Tuesday, May 15, 2012


Today I had a PET scan in a mobile unit, a massive unit that rolled in on the frame of an eighteen-wheeler.

But that is not what I want to talk about, what I want to talk about is the conversation I had while waiting for my turn in the scanner. I was seated in a little alcove waiting for my body to fully take in the radioactive marker they had injected me with. I had been talking with the technologists for about half an hour when I hear the man say "And how are you doing Mr. Sanders?"

From next to me, on the other side of a partition, I heard a voice, a slightly raspy, slightly weathered voice reply back, "Oh, I'm doing just fine."

Feeling a little guilty for talking all that time and more or less ignoring someone else, I seized on the information. "Sander's is it?" I said jovially.

"It is." The man replied.

"And how are you today?"

"Oh, I'm doing just fine." He said.

And so the conversation got started. You see, it seems that Mr Sanders was born in California, grew up there, and worked for the CDF back in the 60s and 70s as a wildland's firefighter.

I know the skill set it takes to do that job, and I know that the men back then had it even harder, and many times faced even uglier challenges than the crack, highly trained, well equipped teams we have today. These were men who were a breed apart. As a former firefighter, this was very much like sitting next to someone who had been at D-Day, or Inchon.

it turns out that he was a nozzlemen (The CDF operate an impressive fleet of pumpers and tankers to support their front line hot shot crews), and then a driver and then a captain, not a small accomplishment.

He moved to Alaska in the 70s, joined the Fairbanks Fire Department there, and was a municipal firefighter and EMT for years.

I don't know when he moved to Oklahoma, but I do know that he was diagnosed with cancer some time back, they did surgery to remove the tumor, and then chemo to hold the condition at bay. Despite all that, it came back, and evidently came back strong, because he said the relapse was a little harder than they were expecting.

On top of that, his wife had just passed away two months ago.

But you see, that's the whole point of the story. he wasn't there at the PET scan to chart his treatment or evaluate a tumor. He was there as a one-last-stop followup after his last round of chemotherapy a few weeks before.

This is a man who has lived the life of a hero. He's worked hard, he's lived a long and prosperous life, and he's survived not one, but two bouts of cancer. If anyone has earned the right to a hero's retirement of lazy days and cold drinks, this man had. When I saw him, his face had the lines and weathering that only age can bring, and he had a lot of it.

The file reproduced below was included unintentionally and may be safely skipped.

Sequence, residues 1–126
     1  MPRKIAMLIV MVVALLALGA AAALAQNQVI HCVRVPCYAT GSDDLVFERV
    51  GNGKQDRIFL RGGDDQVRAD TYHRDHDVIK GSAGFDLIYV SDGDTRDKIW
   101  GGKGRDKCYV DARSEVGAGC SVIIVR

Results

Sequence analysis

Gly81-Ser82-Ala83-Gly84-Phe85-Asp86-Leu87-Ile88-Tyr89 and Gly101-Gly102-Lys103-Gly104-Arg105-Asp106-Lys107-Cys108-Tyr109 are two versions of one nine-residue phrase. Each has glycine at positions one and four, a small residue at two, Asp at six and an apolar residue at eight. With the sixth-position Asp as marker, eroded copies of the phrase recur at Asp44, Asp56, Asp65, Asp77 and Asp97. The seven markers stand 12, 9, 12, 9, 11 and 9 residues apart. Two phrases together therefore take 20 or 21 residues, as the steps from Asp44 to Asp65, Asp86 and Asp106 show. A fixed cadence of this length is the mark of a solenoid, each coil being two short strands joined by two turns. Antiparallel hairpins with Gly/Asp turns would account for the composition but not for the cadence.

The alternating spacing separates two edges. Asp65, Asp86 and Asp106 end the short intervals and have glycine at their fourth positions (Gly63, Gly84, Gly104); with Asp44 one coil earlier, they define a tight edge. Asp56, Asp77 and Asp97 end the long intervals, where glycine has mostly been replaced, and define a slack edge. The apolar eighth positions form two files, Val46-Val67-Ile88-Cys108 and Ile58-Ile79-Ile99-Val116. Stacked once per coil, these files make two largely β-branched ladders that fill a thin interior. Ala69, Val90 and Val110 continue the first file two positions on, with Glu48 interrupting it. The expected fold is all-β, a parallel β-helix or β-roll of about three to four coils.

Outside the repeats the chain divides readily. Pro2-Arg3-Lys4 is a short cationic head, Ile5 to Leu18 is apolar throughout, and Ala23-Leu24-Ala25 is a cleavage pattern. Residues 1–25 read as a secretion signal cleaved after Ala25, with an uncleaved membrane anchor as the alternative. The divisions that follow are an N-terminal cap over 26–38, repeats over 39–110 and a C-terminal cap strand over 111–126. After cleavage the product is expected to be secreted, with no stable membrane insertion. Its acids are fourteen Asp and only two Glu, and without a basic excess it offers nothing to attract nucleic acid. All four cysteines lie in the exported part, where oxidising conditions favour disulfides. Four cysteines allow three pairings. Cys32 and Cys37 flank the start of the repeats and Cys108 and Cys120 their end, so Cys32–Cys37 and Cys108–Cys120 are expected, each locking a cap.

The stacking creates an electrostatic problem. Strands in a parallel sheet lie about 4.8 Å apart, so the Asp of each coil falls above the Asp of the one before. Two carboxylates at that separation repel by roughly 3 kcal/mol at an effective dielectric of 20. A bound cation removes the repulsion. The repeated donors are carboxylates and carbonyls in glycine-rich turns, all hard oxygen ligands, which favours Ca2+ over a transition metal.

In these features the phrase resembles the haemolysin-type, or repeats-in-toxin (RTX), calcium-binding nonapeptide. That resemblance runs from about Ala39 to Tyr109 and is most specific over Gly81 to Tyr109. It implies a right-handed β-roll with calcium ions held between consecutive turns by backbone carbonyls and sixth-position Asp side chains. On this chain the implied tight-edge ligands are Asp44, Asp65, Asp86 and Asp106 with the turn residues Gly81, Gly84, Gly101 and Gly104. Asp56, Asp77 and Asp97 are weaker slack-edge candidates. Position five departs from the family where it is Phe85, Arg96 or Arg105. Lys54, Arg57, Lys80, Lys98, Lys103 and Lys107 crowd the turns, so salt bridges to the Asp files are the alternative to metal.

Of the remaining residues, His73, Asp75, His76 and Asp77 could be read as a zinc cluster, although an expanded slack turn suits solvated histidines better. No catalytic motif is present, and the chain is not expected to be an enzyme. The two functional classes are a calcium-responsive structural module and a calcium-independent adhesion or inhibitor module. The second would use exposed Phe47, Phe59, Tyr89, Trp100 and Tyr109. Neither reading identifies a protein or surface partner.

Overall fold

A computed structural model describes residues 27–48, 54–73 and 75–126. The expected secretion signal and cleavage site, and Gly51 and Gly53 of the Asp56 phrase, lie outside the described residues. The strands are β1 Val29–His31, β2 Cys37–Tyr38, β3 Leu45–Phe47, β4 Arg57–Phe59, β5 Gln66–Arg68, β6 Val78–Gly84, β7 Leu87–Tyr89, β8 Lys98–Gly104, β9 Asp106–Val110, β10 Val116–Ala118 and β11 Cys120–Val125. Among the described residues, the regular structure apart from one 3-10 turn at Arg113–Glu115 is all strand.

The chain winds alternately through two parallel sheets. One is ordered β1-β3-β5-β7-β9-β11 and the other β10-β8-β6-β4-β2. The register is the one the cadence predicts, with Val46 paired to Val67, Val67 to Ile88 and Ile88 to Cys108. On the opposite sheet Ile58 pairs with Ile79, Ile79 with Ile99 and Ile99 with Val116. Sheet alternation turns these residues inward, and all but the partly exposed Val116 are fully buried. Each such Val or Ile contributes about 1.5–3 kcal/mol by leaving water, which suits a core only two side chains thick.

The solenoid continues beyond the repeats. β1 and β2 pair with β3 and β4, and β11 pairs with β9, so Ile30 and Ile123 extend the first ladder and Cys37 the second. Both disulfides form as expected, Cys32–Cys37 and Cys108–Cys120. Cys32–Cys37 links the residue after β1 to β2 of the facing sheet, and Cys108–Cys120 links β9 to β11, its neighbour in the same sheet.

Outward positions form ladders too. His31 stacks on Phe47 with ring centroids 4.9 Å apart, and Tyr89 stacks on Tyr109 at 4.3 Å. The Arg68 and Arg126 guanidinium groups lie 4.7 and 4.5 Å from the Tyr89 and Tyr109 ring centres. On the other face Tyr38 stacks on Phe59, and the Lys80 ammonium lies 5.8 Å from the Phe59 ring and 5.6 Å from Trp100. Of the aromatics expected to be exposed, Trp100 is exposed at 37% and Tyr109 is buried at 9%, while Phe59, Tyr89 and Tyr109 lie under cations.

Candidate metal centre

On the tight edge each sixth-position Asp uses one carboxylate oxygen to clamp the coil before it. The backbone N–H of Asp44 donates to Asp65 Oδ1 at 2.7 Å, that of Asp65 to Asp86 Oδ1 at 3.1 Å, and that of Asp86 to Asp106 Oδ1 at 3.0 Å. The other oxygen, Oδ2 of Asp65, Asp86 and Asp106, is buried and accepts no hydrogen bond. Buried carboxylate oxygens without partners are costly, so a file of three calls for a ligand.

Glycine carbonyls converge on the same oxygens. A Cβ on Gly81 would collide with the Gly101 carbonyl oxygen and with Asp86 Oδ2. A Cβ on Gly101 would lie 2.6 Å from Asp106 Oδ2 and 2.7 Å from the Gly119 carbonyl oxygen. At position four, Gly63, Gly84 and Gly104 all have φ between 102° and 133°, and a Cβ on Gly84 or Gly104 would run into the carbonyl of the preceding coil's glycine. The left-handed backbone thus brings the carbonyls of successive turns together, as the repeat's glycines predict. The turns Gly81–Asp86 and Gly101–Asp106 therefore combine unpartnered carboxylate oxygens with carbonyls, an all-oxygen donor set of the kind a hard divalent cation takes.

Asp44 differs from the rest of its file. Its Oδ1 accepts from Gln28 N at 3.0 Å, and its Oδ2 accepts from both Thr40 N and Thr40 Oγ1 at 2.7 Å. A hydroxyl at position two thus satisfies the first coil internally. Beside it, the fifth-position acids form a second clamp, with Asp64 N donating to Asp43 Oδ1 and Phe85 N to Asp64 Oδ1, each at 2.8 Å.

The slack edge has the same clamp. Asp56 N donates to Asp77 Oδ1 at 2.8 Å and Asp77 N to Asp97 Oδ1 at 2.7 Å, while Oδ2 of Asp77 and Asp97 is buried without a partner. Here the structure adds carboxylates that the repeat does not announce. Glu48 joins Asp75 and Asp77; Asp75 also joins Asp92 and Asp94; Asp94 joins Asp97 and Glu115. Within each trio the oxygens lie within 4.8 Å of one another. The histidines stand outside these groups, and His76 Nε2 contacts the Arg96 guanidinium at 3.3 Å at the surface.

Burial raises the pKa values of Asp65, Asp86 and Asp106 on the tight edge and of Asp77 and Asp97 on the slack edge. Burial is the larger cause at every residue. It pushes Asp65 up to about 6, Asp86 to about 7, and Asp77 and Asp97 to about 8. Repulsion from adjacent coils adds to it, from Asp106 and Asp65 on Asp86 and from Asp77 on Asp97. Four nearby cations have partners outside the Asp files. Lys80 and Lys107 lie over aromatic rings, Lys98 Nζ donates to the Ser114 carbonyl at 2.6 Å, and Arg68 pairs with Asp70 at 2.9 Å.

But he wasn't done yet.

You see, in three days, he's moving back to Alaska so he can move in with his daughter. She's a single mother, and he want's to go and help raise his grandchild. He said the trip up there will take him nine days.

I've been told that my attitude about all of this is, or might be an inspiration to others. I don't know, I feel like agreeing with that outright makes me sound conceited.

But you want to know what inspires me?

Heroes inspire me. And where I come from, heroes don't have utility belts or capes. They're people who press on, who accomplish, who live, who love, who learn, who adapt... and most of all, they never quit, because its in their makeup to do these things. They do them because that is what they do.

Two careers as a firefighter, a father, a husband and a cancer survivor twice over, and no sooner does he have it beat than he's back into the fray, helping to raise his grandchild.

I sat next to a hero today. A hero who survived cancer. He's not a hero because he survived cancer, but I'm willing to bet that he beat cancer for a lot of the same reasons that he was already a hero.


  1. Thanks so much for sharing this! I agree with Winston Churchill when he said that heroes are ordinary men in extraordinary situations. This story proves it's true! There are heroes all around us that are yet unknown. Pretty awesome that you got to meet one. :)